Now that we know the basic structure of our Rendr application, let’s see what we need to do to initialize the client and configure the server. The information about the request, the controller, and the actions (or methods) to be routed is contained within a file called routes.js:

module.exports = function(match) { 
  match('', 'home#index'); 
  match('repos', 'repos#index'); 
  match('repos/:owner/:name', 'repos#show'); 
  match('users' , 'users#index'); 
  match('users/:login', 'users#show'); 

The above code initializes the mapping between the request URL input and the controller/action to which this request should be routed. For instance, a blank URL input will be routed to the index method of the home controller, whereas a URL input with this kind of structure repos/:owner/:name will be routed to the show method of the repos controller, using the match('', 'home#index') and match('repos/:owner/:name', 'repos#show') matches respectively.

Initializes Configurations

In this section we’ll understand how to initialize configurations such as dataAdapterConfig, apiPath, dataAdapter, or defaultEngine using index.js or server.js. For example, in our application, the configurations needed to call the GitHub API can be found in dataAdapterConfig section of index.js.

var dataAdapterConfig = { 
  'default': { 
    host: '', 
    protocol: 'https' 

This dataAdapterConfig object is then passed to the rendr.createServer() method to initialize the Rendr server using the following sample code.

var server = rendr.createServer({
  dataAdapterConfig: dataAdapterConfig

This application model also performs the tasks of starting the server, initializing the fetcher, modelUtils, defining the template adapter and the template engine to be employed using the defined values of the configuration.

Bootstraps the Data and Initializes the Client Router

If you look at the layout file, app/templates/_layout.hbs, you’ll find the following code to bootstrap the default application data and initiate the client router using App.start().

var App = window.App = new (require('app/app'))({{json appData}});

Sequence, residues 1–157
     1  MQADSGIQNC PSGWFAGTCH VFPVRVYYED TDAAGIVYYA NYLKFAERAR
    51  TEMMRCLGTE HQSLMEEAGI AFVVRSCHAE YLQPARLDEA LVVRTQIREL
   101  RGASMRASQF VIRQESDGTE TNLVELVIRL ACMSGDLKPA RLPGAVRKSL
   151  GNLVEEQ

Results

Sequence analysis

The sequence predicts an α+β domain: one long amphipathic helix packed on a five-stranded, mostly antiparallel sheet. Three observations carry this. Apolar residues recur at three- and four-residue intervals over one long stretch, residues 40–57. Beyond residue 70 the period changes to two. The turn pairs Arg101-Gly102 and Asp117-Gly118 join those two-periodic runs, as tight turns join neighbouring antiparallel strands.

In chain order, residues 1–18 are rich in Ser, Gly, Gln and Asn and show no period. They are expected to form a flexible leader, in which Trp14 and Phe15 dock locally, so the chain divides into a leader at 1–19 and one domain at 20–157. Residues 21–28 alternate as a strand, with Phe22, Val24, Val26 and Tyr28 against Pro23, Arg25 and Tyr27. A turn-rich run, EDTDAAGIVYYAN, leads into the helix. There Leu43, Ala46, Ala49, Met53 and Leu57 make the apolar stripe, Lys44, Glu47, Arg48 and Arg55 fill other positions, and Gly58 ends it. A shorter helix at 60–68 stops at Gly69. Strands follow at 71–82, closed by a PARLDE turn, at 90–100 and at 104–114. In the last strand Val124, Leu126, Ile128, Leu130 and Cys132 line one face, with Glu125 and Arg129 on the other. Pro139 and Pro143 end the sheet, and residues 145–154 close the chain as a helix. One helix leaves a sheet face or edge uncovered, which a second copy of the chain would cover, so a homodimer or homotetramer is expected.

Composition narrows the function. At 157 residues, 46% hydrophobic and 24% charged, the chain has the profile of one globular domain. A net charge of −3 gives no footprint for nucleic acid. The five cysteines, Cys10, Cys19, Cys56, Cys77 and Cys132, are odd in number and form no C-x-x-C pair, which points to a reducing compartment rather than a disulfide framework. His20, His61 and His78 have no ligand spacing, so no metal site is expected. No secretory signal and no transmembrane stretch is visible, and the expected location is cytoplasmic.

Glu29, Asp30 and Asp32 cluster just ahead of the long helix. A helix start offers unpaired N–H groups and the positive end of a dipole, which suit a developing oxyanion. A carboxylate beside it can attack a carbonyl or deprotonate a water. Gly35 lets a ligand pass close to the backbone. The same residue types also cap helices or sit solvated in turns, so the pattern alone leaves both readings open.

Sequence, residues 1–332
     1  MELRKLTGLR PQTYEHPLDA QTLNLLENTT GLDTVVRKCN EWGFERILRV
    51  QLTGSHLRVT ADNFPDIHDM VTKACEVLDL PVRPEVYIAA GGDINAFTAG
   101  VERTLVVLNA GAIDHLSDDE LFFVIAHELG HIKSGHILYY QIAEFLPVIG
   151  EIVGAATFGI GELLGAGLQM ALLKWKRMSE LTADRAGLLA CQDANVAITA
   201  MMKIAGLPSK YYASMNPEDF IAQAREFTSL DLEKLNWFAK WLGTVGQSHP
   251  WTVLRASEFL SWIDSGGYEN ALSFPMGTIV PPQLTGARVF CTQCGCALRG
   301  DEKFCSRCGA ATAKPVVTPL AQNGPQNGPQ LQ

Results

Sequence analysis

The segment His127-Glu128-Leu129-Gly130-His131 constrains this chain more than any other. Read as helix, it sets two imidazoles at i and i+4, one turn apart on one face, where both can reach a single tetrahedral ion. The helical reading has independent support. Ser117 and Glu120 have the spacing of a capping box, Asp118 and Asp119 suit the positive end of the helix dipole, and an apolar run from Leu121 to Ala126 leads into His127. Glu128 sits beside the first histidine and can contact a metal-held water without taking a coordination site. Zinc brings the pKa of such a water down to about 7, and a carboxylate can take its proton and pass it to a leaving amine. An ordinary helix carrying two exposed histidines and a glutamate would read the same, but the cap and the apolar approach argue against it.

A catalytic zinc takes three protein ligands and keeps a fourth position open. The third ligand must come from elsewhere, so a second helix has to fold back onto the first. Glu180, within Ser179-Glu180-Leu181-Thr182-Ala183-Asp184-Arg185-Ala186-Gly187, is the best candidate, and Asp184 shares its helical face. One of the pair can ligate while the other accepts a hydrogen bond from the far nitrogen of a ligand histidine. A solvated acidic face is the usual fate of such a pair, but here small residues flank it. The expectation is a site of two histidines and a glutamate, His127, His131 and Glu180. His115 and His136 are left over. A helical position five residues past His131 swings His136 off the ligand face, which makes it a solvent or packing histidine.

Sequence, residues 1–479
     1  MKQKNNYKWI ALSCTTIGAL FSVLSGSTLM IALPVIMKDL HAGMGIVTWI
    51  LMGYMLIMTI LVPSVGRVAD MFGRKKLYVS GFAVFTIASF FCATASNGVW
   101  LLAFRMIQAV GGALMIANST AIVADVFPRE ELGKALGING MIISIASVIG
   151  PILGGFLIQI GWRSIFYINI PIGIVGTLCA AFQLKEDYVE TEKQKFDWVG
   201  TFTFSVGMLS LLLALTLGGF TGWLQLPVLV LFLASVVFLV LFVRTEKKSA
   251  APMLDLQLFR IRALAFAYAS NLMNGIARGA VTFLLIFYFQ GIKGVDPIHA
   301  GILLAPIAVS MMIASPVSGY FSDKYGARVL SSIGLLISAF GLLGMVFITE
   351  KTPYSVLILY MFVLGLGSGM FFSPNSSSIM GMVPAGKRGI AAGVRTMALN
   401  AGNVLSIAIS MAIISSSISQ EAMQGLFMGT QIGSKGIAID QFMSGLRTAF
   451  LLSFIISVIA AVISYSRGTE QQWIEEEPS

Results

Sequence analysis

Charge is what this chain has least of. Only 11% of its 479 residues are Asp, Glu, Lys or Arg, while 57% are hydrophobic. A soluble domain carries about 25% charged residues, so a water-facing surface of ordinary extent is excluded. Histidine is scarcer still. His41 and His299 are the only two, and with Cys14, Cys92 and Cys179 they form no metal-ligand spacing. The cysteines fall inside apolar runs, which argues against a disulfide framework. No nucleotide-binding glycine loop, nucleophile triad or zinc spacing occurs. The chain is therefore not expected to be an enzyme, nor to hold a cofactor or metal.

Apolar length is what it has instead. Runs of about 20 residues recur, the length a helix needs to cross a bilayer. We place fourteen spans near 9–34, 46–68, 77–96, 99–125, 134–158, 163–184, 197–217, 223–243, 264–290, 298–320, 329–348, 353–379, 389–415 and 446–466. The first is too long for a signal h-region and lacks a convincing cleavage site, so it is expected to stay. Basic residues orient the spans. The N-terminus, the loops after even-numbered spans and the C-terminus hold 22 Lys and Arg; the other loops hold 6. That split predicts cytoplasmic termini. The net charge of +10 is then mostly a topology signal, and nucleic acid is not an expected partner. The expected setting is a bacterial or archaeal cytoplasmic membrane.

App.bootstrapData({{json bootstrappedData}}); 

Initializes the Template Adapter and Template Engine

By default, Rendr comes with HandleBar.js as the template adapter and template engine. However, you can use other adapters and engines by configuring them in the app.js file.

For example, Rendr supports Emblem.js as another template adapter. So if wish to use Emblem.js instead of the default HandleBar.js, the following configuration in App.js will be needed.

module.exports = BaseApp.extend({
  defaults: {
    templateAdapter: 'rendr-emblem'

Similarly, if you would like to use a specific template engine, you can configure it in the App.js file with the configuration below:

module.exports = BaseApp.extend({
  defaults: {
    templateEngine: 'handlebars'


Rendr views extend Backbone.js views. You can see from the image below that the structure of the views folder in our application contains folders for home, users, and repos. It also contains the base.js and user_repos_view.js view files.

Rendr Views Folders

To look at the view that displays a list of the users, open the app/views/index.js file. Here you’ll find the following code:

var BaseView = require('../base'); 
module.exports = BaseView.extend({ className: 'users\_index_view' }); = 'users/index';

The above code shows how to extend the Rendr base view which in turn extends the Backbone.js view. The views also need to export an identifier which will be used to fetch and display data in these views. In our example, this identifier is users/index.

Note that this is a very basic example of how a view appears. Views in Rendr are able to render content across client and server, improve performance, lazy loading and support a variety of methods such as attach(), getAttributes(), getHTML(), getInnerHTML(), and much more.



Rendr templates are used to define the structure of the data to be rendered on views. Template engines (such as Underscore, Handlebars, Mustache, etc.) compile the script, replace variables with real data from a JSON object and inject the HTML code into a specified place. The following image shows the structure of the templates folder in our application, which contains the default _layout.hbs and individual folders for home, repos, and users.